Talk to the Veterans Crisis Line now
U.S. flag
An official website of the United States government

Health Services Research & Development

Veterans Crisis Line Badge
Go to the ORD website
Go to the QUERI website

PPO 17-044 – HSR&D Study

New | Current | Completed | DRA | DRE | Portfolios/Projects | Centers | Career Development Projects

PPO 17-044
Intimate Partner Violence Screening Programs in VHA: Informing Scale-Up and Spread of Best Practices
Katherine M. Iverson PhD MA BA
VA Boston Healthcare System Jamaica Plain Campus, Jamaica Plain, MA
Boston, MA
Funding Period: September 2017 - August 2018

BACKGROUND/RATIONALE:
Intimate partner violence (IPV; i.e., physical, sexual, and psychological aggression and stalking by an intimate partner) against women is a major health concern world-wide and in the United States. IPV experiences are particularly prevalent among women Veterans. Women who experience IPV present frequently in health care settings, especially primary care, providing opportunities for detection and intervention. The Veterans Health Administration (VHA) is implementing IPV screening programs in women's health primary care. As the implementation of IPV screening programs is still in its infancy, there is a time-sensitive opportunity to learn from VA Medical Centers (VAMCs) that have implemented IPV screening programs into primary care clinics to inform the scale-up and spread of best practices.

OBJECTIVE(S):
This study provided a first look at the "what," "how" and "why" of successful implementation of IPV screening programs in VHA. The Specific Aims were to: 1) characterize best practices of IPV screening programs in VHA through key stakeholder interviews with clinicians and administrators at five early and five late adopting facilities; 2) understand multilevel barriers to and facilitators of IPV screening program implementation through the interviews with key stakeholders at early and late adopting facilities; and 3) identify promising implementation strategies that can enhance future implementation effectiveness of IPV screening programs in VHA.

METHODS:
We utilized a qualitative research design guided by the integrated-Promoting Action on Research Implementation in Health Services (i-PARIHS) conceptual framework (Harvey & Kitson, 2015). We used our VHA operational partners in the National IPV Assistance Program and Women's Health Services national practice scans to identify sites actively screening for IPV (early adopting) and sites that had not yet implemented or were in the process of implementing IPV screening (late adopting sites) across VAMCs nationwide. We purposefully sampled six early adopting sites and five late adopting sites, and conducted semi-structured key informant interviews with 32 clinicians and administrators (e.g., Women's Health Medical Director, IPV Assistance Program Coordinators), across 11 VAMCs. Interviews assessed the IPV screening and response practices used in the clinics, barriers to and facilitators of IPV screening program implementation, and site-specific implementation strategies, which were subsequently mapped to the Powell et al. (2015) implementation strategies. Transcripts were coded using a hybrid inductive-deductive content analysis approach, coupled with matrix analysis. We completed the analysis by sorting themes and grouping findings across early and late adopting sites.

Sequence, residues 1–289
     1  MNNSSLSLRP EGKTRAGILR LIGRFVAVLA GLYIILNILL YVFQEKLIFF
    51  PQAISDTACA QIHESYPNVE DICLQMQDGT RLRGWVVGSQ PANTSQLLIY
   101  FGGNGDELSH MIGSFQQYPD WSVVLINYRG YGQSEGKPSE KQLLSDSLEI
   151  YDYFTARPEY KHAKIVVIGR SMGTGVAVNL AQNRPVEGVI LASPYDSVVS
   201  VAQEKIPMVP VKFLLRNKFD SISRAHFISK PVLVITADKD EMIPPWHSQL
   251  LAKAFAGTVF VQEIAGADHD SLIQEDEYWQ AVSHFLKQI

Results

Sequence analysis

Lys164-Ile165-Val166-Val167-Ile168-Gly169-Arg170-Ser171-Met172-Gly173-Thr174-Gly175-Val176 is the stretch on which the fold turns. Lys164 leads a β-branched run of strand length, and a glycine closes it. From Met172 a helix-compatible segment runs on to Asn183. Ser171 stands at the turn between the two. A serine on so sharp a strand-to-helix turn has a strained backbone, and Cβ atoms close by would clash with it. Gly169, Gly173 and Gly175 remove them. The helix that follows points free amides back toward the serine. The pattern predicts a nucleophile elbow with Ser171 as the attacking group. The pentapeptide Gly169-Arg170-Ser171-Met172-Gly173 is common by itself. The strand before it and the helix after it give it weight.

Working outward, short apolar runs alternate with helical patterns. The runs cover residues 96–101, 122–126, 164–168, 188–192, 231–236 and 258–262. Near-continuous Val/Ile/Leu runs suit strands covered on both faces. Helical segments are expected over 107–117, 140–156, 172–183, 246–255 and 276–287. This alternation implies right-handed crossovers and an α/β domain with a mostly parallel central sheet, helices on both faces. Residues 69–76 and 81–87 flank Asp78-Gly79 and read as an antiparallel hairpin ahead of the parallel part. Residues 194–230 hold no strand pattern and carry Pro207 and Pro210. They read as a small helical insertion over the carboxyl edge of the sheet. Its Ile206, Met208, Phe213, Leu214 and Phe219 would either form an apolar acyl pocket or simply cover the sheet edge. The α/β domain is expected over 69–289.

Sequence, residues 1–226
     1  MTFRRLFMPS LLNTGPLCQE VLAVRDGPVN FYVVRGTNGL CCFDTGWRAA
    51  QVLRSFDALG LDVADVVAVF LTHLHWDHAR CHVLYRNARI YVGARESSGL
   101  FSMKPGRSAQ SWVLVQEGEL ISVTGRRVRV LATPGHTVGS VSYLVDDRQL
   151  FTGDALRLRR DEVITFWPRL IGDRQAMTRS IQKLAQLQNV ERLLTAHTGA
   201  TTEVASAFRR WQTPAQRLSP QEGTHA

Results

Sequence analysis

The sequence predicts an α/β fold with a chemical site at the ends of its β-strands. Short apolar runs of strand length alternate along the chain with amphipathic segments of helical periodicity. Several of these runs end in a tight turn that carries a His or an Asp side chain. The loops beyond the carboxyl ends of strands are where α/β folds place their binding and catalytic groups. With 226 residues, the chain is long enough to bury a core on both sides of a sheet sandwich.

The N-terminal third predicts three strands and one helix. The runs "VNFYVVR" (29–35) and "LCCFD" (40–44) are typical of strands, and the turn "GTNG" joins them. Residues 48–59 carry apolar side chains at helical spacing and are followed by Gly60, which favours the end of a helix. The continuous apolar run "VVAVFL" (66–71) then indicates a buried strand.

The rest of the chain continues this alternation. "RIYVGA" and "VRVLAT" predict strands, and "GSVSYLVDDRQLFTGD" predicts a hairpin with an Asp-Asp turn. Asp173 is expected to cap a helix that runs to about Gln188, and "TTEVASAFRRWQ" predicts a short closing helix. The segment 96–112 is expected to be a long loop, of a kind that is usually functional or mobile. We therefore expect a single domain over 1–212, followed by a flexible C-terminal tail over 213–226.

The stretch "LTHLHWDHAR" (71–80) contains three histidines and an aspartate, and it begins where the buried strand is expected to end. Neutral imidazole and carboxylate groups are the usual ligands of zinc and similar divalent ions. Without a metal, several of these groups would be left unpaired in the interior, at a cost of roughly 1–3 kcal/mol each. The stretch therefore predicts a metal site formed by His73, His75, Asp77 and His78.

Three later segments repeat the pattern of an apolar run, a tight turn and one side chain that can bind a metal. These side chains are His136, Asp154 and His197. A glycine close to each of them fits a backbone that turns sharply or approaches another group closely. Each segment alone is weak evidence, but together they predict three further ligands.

FINDINGS/RESULTS:
Five successful clinical practices were identified (use of a specific screening tools for primary IPV screening and secondary risk assessment, multilevel resource provision and community partnerships, colocation of mental health/social work, and patient-centered documentation). Multilevel barriers (time/resource constraints, competing priorities and mounting responsibilities in primary care, lack of policy, inadequate training, and discomfort addressing IPV) and facilitators (engaged IPV champions, internal and external supports, positive feedback regarding IPV screening practices, and current, national attention to violence against women) were identified. A dozen discreet implementation strategies (e.g., identify and prepare champions, conducting ongoing training, facilitate relay of clinical data to providers) were associated with successful IPV screening programs.

IMPACT:
This study of IPV screening and response implementation in VHA provides important insights and successful clinical practices that can be applied within and outside VHA settings, mitigating identified potential barriers. Findings are being adopted by our VHA operations partners in Women's Health Services and the IPV Assistance Program to inform screening and responses practices, and guide implementation strategies for a planned national rollout of IPV screening programs across primary care clinics nationwide. This project also provided the impetus and preliminary work for a funded SDR planning grant (SDR 18-150).

PUBLICATIONS:

Journal Articles

  1. Iverson KM, Adjognon O, Grillo AR, Dichter ME, Gutner CA, Hamilton AB, Stirman SW, Gerber MR. Intimate Partner Violence Screening Programs in the Veterans Health Administration: Informing Scale-up of Successful Practices. Journal of general internal medicine. 2019 Nov 1; 34(11):2435-2442.


DRA: Health Systems
DRE: Treatment - Implementation, TRL - Development
Keywords: Best Practices, Implementation, Intimate Partner Violence, Organizational Structure, Quality of Care
MeSH Terms: none

Questions about the HSR&D website? Email the Web Team.

Any health information on this website is strictly for informational purposes and is not intended as medical advice. It should not be used to diagnose or treat any condition.